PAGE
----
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Ngā Kōti Rangatahi

 Whakanuia Tekau Tau — Celebrating 10 Years

Ō tātou mate tūātini, i takoto mai ai i runga i ō tātou marae maha, i runga i ō tātou papa kāinga, i roto i ō tātou whare, kua uhia rātou ki ngā taumata kōrero e tika ana hei poroporoaki i a rātou. Nā reira, me kī pēnei ake te kōrero, tukuna rātou kia okioki i runga i te moenga roa. Āpiti hono, tātai hono, ko te akaaka o te rangi ki a rātou; āpiti hono tātai hono, ko te akaaka o te whenua ki a tātou te hunga ora.

We remember those who have passed on, those who have been mourned, acknowledged, and bid farewell on our many marae and throughout the many districts of our country. Therefore, it is customary to say, release those who have been joined in the long sleep of death, let them remain together, and those of us who remain, let us remain together in the world of the living.

On 30 May 2008, the first Rangatahi Court was convened at Te Poho o Rāwiri Marae in Gisborne. It was a watershed in youth justice in Aotearoa.

Youth Court judges led the initiative to offer rangatahi and their whānau, hapū and iwi a restorative option that integrates tikanga Māori into the court process, in a marae setting.

Scroll forward 10 years to February 2018 and a 15th Rangatahi Court opened at Terenga Paraoa marae in Whangarei. In the intervening years, the concept of Ngā Kōti Rangatahi – Rangatahi Courts has flourished. Māori communities have generously embraced the opportunity to contribute to holding their rangatahi to account, and to guide them in drawing strength from their culture to turn away from a path of crime.

Rangatahi Courts also operate at three marae around the Auckland region and in Hamilton, Huntly, Rotorua, Taupo, Whakatāne,

Tauranga, Gisborne, New Plymouth and Christchurch. Two Pasifika Courts have adapted the model for Pasifika communities in Auckland.

The kaupapa of the court is derived from the traditional whakataukī (proverb):

Ka pū te ruha, ka hao te rangatahi – the old net is cast aside, the new net goes fishing. In this proverb, “rangatahi” means both “the new net” and also, “the youth”, reflecting the ability of young people to redeem themselves from past behaviours and turn to healthier futures.

“The rule of law will be enhanced if the same law is applied but it speaks in the language of the Māori people it serves and it acts in accordance with their protocols”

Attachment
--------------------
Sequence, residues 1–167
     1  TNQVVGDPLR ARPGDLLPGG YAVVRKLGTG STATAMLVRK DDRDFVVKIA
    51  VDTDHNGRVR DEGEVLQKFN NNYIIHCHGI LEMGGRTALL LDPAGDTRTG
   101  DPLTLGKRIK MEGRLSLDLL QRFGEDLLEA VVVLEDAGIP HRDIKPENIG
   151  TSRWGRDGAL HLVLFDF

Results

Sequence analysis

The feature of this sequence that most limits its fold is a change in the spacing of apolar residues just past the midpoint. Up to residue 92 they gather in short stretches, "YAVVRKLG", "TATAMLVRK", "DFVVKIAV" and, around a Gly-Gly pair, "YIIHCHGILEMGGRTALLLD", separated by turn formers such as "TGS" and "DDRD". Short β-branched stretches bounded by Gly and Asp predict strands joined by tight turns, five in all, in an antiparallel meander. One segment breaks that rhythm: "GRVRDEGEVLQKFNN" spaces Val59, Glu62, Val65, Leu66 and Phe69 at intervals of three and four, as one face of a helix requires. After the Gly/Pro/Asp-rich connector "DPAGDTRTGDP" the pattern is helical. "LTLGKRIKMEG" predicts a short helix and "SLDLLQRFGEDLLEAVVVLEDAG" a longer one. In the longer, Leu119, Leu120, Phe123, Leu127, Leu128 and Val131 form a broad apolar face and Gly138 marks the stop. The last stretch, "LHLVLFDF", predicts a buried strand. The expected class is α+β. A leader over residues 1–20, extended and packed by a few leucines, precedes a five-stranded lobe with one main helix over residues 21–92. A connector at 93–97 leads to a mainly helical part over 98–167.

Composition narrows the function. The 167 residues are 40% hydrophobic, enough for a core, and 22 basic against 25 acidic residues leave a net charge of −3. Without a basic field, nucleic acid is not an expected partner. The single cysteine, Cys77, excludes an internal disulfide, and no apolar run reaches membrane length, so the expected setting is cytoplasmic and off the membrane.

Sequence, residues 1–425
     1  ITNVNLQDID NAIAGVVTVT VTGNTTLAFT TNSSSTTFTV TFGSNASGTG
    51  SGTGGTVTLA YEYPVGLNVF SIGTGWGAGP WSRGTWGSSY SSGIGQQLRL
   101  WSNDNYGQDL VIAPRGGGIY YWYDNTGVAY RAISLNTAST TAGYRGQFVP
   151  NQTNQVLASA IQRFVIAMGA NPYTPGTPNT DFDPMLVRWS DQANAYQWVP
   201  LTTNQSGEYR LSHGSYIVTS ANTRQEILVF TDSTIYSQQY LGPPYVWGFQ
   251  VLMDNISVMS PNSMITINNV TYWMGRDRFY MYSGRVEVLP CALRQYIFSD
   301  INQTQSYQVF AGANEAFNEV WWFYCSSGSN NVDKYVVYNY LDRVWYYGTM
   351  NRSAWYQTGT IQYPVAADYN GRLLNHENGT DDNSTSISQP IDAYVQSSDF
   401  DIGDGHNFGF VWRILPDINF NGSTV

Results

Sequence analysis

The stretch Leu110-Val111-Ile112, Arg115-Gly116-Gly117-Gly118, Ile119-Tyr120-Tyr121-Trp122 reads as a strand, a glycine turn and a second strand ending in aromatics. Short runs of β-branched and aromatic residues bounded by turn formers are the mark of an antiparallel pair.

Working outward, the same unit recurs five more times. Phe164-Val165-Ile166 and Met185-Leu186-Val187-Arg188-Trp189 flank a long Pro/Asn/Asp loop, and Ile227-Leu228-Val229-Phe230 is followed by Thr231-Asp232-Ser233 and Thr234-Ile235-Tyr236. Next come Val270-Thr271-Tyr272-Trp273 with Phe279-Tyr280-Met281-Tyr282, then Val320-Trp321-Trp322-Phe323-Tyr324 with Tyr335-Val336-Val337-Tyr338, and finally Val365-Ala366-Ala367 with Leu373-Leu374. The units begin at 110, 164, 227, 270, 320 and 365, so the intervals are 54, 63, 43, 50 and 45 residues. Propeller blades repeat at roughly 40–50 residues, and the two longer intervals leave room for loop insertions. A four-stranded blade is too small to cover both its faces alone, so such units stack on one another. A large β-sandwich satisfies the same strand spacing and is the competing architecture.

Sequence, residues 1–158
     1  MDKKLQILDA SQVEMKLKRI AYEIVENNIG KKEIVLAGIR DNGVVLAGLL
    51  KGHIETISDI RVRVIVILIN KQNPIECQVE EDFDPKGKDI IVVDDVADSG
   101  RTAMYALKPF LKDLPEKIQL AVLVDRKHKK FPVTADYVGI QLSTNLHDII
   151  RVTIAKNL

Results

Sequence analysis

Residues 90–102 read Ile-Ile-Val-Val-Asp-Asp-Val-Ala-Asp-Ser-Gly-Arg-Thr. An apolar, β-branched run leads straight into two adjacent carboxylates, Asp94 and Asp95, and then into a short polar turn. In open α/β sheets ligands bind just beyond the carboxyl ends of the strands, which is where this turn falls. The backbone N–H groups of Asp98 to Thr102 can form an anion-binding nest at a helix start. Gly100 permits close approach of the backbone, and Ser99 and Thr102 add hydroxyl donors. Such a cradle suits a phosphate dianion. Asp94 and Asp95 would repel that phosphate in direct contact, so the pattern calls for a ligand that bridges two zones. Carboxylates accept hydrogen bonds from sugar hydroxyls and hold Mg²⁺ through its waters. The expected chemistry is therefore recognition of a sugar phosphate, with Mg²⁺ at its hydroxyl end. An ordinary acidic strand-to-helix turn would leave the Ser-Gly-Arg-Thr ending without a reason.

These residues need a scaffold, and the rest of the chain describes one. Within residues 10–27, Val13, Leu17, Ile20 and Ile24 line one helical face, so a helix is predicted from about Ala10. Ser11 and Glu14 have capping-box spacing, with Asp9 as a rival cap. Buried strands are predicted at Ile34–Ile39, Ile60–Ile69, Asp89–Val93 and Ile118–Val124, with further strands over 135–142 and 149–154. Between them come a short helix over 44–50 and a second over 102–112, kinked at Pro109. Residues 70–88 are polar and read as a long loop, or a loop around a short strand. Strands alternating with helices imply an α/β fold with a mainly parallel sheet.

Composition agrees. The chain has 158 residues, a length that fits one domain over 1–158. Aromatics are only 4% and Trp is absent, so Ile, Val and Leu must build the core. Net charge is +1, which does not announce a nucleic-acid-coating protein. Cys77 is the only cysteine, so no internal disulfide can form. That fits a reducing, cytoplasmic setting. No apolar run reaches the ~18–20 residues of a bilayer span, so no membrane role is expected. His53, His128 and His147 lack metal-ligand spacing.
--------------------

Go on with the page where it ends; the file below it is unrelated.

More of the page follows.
A key aim is to connect young offenders to a better sense of who they are and where they are from. In turn, this encourages greater respect for themselves, their heritage, and for others in the community.

Kaumātua and kuia are closely involved in the court’s monitoring of a young person’s Family Group Conference plan to address the rangatahi’s offending. They sit alongside the judge to provide cultural insight and advice to young people and their whānau. While the focus is on young Māori who have offended, the opportunity of referral to the court is open to non-Māori.

Images of Manurewa wharenui, Owae wharenui and Te Poho o Rawiri wharenui.

Judge Heemi Taumaunu has led the Rangatahi Court movement with a vision to draw on the healing spirit of the marae. He believes that the rule of law will be enhanced if the same law is applied but it speaks in the language of the Māori people it serves and it acts in accordance with their protocols. He is now National Rangatahi Court Liaison Judge.

Image of Judge Taumaunu addressing kaumatua at Orakei Marae.

Judge Heemi Taumaunu addresses kaumātua at Orākei Marae during AIJA award celebrations in 2016.

Ngā Kōti Rangatahi are a response to the disproportionate numbers of young Māori appearing in the Youth Court. Reaching the 10-year milestone provides an opportunity to reflect on the courts’ impact. During these 10 years, more than 2,600 rangatahi have chosen to be dealt with in a marae setting, and the high levels of attendance by both rangatahi and whanau indicate the option is seen as valuable.

Image of Kaumatua and participants entering Te Poho o Rawiri Marae in 2008.

Kaumātua lead participants on to Te Poho o Rāwiri Marae in 2008, for the first Rangatahi Court sitting.

While improved access to justice is an important consideration, evidence suggests that those who have taken part are 11 percent less likely to commit new serious offences in the following 12 months than those in the mainstream Youth Court.

Image of a young person appearing before the Rangatahi Court.

A young person appears before a Rangatahi Court.

These positive outcomes have resulted in support for the further establishment of Ngā Kōti Rangatahi, and also for the principles to be extended into the adult jurisdiction in the form of the Matariki Court.

Over the decade the initiative has gained international accolades, including the Australasian Institute of Judicial Administration’s Award for Excellence in 2015.

Judge Taumaunu and the judges of Ngā Kōti Rangatahi thank all those who helped develop the courts.

Nō reira, ka nui ngā mihi maioha ki a koutou ko ngā kaumātua, ngā kuia me ngā kaitautoko o Ngā Kōti Rangatahi o Aotearoa. Tēna koutou katoa.


Image of Rangatahi Court hearing in Whakatane.

Judge Louis Bidois and Principal Youth Court Judge John Walker preside at a Rangatahi Court hearing in Whakatane.

Image of Judge G Davis and Judge D Clark.

Judge Greg Davis and Judge Denise Clark, the presiding judges at the 15th Rangatahi Court at Terenga Parāoa Marae.

Image of Terenga Paraoa marae on the opening of the 15th Rangatahi Court.

People are greeted on to the Terenga Parāoa marae in Whangarei for the opening of the 15th Rangatahi Court.